Some facts about the most common 3D printing materials: PLA vs. ABS

Hi there, it’s me again. Today we’re going to discuss some myths and truths about the most common 3D printing materials used in FDM (Fused Deposition Modeling) technology, which is applied in the usual affordable desktop 3D Printers like my MakerBot Replicator2, Cube, Solidoodle, RepRaps, uPrinters and so on…

© parametric | art

© parametric | art

Honestly I felt – based on your questions and feedback – that it would be really necessary and important to clarify some key facts about PLA (Polylactic acid) and also the pros and cons, I mean the the advantages and disadvantages of PLA vs ABS (Acrylonitrile butadiene styrene) when used on FFD printers (such as the Makerbot Replicator2, Thing-O-Matic, Cupcake, Mendel, Felix, Rostock, UP!, etc.).

At first, I really would like to say that PLA is an absolutely strong and very durable material for 3D printing.

There are a couple of myths around this great material (PLA):

Some of you think that PLA will dissolve in water and/or will degrade in moist or wet environments. That is totally false. The 3D printable plastic, which is often used as a support material with dual extrusion 3D printers and which dissolves in water is PVA (Polyvinyl alcohol), not PLA.

© parametric | art

© parametric | art

Another fake myth is the durability of this great material. Some people – even some 3D print enthusiasts – are afraid from PLA, because they think that it will self destruct and simply become undone in a matter of months, just because PLA is biodegradable. I have to repeat myself, again, not true.

© parametric | art

© parametric | art

“Biodegradable” means – in my opinion and literally as well – that the product is strong and performs its function very well but when you throw it in a landfill or soil it will ultimately break down, of course not instantly, it takes a couple of years to complete the biodegradation process.

© parametric | art

© parametric | art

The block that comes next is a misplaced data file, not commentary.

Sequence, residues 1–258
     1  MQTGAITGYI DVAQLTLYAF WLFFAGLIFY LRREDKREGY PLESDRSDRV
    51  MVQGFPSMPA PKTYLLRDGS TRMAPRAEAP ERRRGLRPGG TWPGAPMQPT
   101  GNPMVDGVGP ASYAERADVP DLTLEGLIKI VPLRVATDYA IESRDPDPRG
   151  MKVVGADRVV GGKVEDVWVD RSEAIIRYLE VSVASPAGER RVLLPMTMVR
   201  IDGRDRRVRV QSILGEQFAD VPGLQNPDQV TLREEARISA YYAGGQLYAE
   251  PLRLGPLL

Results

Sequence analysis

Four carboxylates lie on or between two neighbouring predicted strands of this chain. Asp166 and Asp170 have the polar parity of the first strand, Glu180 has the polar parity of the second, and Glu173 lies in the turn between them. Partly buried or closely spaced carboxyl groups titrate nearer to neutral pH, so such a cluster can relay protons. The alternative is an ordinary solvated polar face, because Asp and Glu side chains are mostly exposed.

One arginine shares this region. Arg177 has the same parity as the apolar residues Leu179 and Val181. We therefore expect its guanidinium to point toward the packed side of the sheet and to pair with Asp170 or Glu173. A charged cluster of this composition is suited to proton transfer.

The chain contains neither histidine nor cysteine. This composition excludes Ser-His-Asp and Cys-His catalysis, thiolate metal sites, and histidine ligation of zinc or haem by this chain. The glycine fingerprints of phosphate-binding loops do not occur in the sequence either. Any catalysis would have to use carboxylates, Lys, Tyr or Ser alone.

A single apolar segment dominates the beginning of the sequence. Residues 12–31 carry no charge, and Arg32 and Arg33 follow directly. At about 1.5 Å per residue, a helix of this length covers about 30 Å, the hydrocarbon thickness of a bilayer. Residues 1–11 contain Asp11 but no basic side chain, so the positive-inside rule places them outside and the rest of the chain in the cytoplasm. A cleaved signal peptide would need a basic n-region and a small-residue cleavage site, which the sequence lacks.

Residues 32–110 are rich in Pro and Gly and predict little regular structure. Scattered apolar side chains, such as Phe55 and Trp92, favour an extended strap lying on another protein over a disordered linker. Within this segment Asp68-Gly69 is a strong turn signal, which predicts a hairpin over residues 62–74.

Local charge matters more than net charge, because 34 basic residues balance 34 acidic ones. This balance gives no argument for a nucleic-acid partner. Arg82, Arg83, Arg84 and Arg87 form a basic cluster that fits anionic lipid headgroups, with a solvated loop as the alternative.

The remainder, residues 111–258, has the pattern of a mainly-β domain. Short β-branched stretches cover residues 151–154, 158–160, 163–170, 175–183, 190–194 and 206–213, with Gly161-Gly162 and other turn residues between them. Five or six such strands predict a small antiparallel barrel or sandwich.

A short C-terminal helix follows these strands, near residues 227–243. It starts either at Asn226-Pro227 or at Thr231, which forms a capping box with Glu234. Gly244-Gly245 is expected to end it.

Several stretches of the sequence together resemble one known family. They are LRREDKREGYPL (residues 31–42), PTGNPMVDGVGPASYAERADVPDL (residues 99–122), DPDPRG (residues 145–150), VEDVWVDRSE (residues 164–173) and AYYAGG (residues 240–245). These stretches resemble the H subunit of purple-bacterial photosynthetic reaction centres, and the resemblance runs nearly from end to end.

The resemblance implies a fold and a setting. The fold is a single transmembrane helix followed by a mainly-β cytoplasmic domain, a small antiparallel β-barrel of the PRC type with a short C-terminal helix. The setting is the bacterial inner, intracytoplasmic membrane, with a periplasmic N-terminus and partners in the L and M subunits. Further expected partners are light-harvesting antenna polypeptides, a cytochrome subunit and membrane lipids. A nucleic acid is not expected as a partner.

This is actually much more environmental-friendly comparing to ABS which takes over hundreds of years to break down. In addition PLA is made from natural resources such as corn starch or sugar cane, which makes this great material the right choice to create plastic parts at home. Just think about it, what if it will be true and the revolution of additive manufacturing and desktop 3D printers was going to escalate, everyone would like to be a designer and will print the own ideas day and night. We should be more responsible for our mother nature and not 3D print too much ABS junk. (Although we have to recognize, that ABS and PLA could be recycled as well.)

© parametric | art

© parametric | art

Some people claim that ABS is much stronger than PLA. That’s a little bit more complex, because the sentence mentioned above is absolutely true. This is the most recurring myth in the PLA vs ABS war and it’s also absolutely inaccurate: if you compare injection molded parts, ABS parts are pretty much stronger than it’s PLA counterparts; however we’re doing our 3D printed prototypes layer by layer, not injection molding and this changes things considerably:

A 3D printed part in PLA is MUCH stronger than a part printed in ABS. This is because PLA has much stronger layer bonding than ABS.

© parametric | art

© parametric | art

Let me tell you some words about layer bonding: unlike injection molding, FDM printers  3D print layer by layer so layer bonding is what determines the part strength.

If you are familiar with 3D Printing you’ll know that the strength of a 3D printed plastic part changes depending on the direction: if you pull perpendicularly to the Z axis – I mean vertically – (where layers are deposited), they will detach; if you pull in any other direction the part is much stronger. It behaves a bit like wood, this kind of anisotropy is really characteristic for natural wood products, and for 3D printed wood as well.

© parametric | art

© parametric | art

Because PLA has much stronger layer bonding it’s almost as strong in all directions (even when pulled in the Z axis).

ABS on the other hand, will detach layers much faster and much easily than PLA, making 3D printed ABS parts less strong. (they aren’t weak either; PLA parts are just stronger).

In my next blog entry, I want to discuss the PLA vs ABS thing in practice; there will be a lot of useful information about the shrinkage factor, rigidity, post-processing/sanding and melting temperature, so stay tuned;)

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15 thoughts on “Some facts about the most common 3D printing materials: PLA vs. ABS

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  4. PLA has a big problem for durable parts: you shouldn’t use it under hot, I mean, if you leave a printed PLA part inside your car in a sunny day it will melt as chewing-gum.

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    • absolutely agree, as I wrote when its about heat or sun ABS might be the only choice. I’m looking forward to check the laywood nd laybrick material soon if they could be used outdoor as well…

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